SAN ANTONIO, Texas — Last week I was in San Antonio attending the annual Texas Agricultural Agents Professional Improvement Conference. It is a professional association that rotates meetings around the state and has professional improvement seminars.
I always learn much from these events and thought it may be of interest to others.
First, it must be said that I most enjoy meeting folks from across the state who support the Texas A&M AgriLife Extension Service. Our meeting takes great effort to recognize our peers for excellence in programming as well as outside supporters for their dedication to continuing education.
The keynote speaker was Dr. Elsa Murano from the Borlaug Institute. I wouldn’t be surprised at all if you haven’t ever heard about a man named Norman Borlaug. Dr Borlaug received the Nobel Peace Prize for, essentially, perfecting a dwarf wheat variety that could produce large amounts of grain, resist diseases, and resist lodging – the bending and breaking of the stalk that often occurs in high-yielding grains.
So, what it important about his variety of wheat? Borlaug’s wheat helped lay the groundwork for agricultural technological advances that alleviated world hunger, decreased poverty, and stabilized regions that, for lack of food, have easily taken up arms in conflict for want of basic nutrition. This wheat had an immediate impact on countries in Central and South America, the Near and Middle East, and Africa.
My favorite day of the conference, I was with a group that toured a feed mill, agricultural museum, and a long successful family-run hog farm. The feed mill was Producers Co-op. It supplies specialty feeds to nearly all regions of our state. The main staple of most livestock feed is, of course, corn. I was surprised to learn that 90% of all the mill’s corn was sourced from corn producers in a 40-mile radius.
The agricultural museum showcased the technological advances over the years. From tools to farm equipment to crop development, it was a great reminder of the advances that fewer and fewer farmers and ranchers have made to feed a growing population.
The hog farm may have been the most interesting. It was a small family run farm that sold hogs to a variety of outlets. When it was started in the 1970’s, this family farm was started miles away from any neighborhoods, just off Highway 10 between San Antonio and Seguin.
The farm has a diverse clientele. They sell purebred boars to other hog farmers wishing to improve their stock. The also sell several top-quality hogs to 4-H and FFA students as projects. The lower end of the hog litters are sold as meat hogs to the general public. Oddly, as local auction barns have been eliminating their hog sales in favor of cattle markets, there has been an uptick of individual family buyers wishing to fill their freezer. Recent changes during the height of Covid saw a dramatic increase in these types of individual buyers. Lastly, due their intense scrutiny on their herd health and ongoing breeding program that has up to 12 litters a week, this hog farm has been sought after by science and health researchers who use pigs for a variety of studies.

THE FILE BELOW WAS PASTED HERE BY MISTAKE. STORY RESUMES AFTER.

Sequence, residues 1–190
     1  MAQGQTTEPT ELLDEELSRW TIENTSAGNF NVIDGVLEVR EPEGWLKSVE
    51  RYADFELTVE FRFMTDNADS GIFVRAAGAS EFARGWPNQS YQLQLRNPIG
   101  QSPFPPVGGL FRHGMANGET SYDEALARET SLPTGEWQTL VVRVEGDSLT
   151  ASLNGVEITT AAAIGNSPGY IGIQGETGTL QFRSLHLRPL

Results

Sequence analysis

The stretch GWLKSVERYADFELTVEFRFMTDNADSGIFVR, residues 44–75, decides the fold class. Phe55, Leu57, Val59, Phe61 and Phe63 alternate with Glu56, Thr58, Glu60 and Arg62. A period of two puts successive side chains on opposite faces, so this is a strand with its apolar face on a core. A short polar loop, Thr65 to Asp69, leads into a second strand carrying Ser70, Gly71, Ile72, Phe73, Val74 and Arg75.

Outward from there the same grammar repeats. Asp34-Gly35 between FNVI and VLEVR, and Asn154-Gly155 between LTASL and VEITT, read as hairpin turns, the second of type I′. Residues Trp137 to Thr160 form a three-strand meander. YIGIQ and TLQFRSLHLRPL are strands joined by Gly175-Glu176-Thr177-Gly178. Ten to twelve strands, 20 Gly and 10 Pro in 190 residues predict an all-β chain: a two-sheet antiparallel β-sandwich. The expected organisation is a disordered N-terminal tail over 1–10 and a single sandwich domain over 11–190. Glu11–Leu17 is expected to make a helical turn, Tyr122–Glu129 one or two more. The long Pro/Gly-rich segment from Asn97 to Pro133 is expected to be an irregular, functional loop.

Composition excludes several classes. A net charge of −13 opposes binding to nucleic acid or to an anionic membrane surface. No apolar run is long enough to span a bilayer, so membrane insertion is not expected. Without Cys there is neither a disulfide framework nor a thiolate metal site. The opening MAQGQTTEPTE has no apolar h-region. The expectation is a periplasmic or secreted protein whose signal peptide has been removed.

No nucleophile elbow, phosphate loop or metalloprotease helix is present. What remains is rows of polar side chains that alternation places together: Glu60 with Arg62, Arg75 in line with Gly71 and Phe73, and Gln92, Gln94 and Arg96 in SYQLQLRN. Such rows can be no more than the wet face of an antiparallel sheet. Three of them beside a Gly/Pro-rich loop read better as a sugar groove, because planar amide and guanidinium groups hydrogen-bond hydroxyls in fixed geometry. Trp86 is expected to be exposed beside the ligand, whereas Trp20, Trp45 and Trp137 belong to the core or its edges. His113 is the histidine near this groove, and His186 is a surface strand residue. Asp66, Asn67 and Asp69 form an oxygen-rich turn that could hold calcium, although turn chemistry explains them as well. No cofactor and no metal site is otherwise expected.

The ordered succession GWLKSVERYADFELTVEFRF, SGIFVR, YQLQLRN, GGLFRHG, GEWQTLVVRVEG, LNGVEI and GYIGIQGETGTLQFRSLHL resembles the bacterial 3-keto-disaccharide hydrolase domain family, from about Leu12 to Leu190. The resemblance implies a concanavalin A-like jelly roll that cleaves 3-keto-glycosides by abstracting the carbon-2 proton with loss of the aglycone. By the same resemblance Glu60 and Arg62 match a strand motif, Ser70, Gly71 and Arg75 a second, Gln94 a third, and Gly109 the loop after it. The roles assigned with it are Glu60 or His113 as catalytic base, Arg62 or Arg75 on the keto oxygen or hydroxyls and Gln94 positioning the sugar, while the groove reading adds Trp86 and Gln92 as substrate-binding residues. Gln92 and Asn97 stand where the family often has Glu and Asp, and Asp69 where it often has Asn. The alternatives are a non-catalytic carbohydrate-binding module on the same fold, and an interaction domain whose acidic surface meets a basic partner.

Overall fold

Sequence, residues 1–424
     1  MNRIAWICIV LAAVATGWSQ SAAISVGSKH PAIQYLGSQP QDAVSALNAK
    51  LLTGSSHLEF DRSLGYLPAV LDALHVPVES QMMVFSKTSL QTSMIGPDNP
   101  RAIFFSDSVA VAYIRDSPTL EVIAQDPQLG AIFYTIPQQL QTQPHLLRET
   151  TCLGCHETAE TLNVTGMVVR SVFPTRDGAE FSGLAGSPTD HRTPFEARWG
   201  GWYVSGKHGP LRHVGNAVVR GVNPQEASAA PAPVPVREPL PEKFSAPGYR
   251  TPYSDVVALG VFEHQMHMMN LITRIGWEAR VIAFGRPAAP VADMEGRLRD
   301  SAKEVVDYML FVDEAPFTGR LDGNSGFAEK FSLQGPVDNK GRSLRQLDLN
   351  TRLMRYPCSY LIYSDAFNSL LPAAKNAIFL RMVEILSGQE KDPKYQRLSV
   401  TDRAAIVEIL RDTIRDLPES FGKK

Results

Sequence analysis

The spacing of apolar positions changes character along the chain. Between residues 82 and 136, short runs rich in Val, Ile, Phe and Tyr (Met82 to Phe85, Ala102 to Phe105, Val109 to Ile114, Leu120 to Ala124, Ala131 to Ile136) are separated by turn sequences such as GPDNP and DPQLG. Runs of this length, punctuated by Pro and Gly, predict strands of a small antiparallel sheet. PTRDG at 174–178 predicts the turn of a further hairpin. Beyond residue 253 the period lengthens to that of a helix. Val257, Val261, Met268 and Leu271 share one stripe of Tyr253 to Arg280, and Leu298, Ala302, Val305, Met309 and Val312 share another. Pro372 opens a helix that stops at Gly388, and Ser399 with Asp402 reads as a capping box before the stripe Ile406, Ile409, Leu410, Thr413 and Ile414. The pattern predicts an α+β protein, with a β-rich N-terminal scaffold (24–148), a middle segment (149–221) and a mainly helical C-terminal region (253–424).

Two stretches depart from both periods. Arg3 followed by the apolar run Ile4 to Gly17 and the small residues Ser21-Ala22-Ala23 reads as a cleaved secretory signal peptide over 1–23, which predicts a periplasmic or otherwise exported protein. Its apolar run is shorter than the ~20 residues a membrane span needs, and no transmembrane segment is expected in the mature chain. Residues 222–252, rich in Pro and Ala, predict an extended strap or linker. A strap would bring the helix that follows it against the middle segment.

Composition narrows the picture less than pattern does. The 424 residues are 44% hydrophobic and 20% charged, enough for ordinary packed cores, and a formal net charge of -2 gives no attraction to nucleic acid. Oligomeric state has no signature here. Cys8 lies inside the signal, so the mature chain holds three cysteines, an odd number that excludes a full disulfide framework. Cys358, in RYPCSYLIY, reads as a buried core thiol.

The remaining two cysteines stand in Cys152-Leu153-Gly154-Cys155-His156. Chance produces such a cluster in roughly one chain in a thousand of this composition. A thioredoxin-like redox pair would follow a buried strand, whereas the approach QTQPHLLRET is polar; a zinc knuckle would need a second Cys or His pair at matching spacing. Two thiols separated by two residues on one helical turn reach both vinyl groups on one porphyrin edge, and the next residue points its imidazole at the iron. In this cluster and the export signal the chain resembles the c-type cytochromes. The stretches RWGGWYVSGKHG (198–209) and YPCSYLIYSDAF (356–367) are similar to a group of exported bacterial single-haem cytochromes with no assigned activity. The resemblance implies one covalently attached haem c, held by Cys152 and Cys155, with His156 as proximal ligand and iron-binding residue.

Today, you can start to see a housing development on one side and plans are underway for another on the opposite side. Though the farm has no discernable odor due to the tremendous herd health and sanitation efforts, the owners are concerned about any new housing development being built next to a hog operation.
It is a strange set of circumstances. Fewer folks producing food and fiber for a growing population that really doesn’t understand the advances, the technologies, or the realities of growing corn, hogs, or any number of agricultural commodities. Commodities that fill the shelves at our local grocery store in nicely packaged finished products that we love to partake of.
Next year, the Texas County Agricultural Agents Association will be meeting in South Padre! Though, that be very different from my home, I look forward to meeting new people and learning more that I can bring back.
Cary Sims is the County Extension Agent for agriculture and natural resources for Angelina County. His email address is firstname.lastname@example.org .
Educational programs of the Texas AgriLife Extension Service are open to all people without regard to race, color, sex, disability, religion, age, or national origin.
Texas A&M AgriLife Extension Angelina County
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